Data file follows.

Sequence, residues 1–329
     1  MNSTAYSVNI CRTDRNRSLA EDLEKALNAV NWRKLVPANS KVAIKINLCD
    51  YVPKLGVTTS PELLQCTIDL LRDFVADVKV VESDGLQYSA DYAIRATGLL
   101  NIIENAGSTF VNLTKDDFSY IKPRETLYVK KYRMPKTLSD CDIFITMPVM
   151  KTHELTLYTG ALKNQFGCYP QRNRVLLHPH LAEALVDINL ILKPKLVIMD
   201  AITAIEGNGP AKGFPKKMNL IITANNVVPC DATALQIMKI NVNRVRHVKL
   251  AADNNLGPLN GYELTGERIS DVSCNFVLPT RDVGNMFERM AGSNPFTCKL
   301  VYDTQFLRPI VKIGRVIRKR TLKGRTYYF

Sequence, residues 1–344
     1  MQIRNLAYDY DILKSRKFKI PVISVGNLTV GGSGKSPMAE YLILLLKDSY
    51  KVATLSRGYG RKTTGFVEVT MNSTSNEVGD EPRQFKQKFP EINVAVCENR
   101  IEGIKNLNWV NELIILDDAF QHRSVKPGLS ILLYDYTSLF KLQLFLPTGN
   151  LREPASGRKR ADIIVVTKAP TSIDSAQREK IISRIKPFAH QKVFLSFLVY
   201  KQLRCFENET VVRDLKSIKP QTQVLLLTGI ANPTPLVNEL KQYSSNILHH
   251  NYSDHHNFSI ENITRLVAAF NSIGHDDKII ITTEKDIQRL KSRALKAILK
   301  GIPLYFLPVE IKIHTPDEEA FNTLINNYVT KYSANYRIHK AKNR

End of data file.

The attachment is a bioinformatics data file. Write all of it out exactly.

Sequence, residues 1–329
     1  MNSTAYSVNI CRTDRNRSLA EDLEKALNAV NWRKLVPANS KVAIKINLCD
    51  YVPKLGVTTS PELLQCTIDL LRDFVADVKV VESDGLQYSA DYAIRATGLL
   101  NIIENAGSTF VNLTKDDFSY IKPRETLYVK KYRMPKTLSD CDIFITMPVM
   151  KTHELTLYTG ALKNQFGCYP QRNRVLLHPH LAEALVDINL ILKPKLVIMD
   201  AITAIEGNGP AKGFPKKMNL IITANNVVPC DATALQIMKI NVNRVRHVKL
   251  AADNNLGPLN GYELTGERIS DVSCNFVLPT RDVGNMFERM AGSNPFTCKL
   301  VYDTQFLRPI VKIGRVIRKR TLKGRTYYF

Sequence, residues 1–344
     1  MQIRNLAYDY DILKSRKFKI PVISVGNLTV GGSGKSPMAE YLILLLKDSY
    51  KVATLSRGYG RKTTGFVEVT MNSTSNEVGD EPRQFKQKFP EINVAVCENR
   101  IEGIKNLNWV NELIILDDAF QHRSVKPGLS ILLYDYTSLF KLQLFLPTGN
   151  LREPASGRKR ADIIVVTKAP TSIDSAQREK IISRIKPFAH QKVFLSFLVY
   201  KQLRCFENET VVRDLKSIKP QTQVLLLTGI ANPTPLVNEL KQYSSNILHH
   251  NYSDHHNFSI ENITRLVAAF NSIGHDDKII ITTEKDIQRL KSRALKAILK
   301  GIPLYFLPVE IKIHTPDEEA FNTLINNYVT KYSANYRIHK AKNR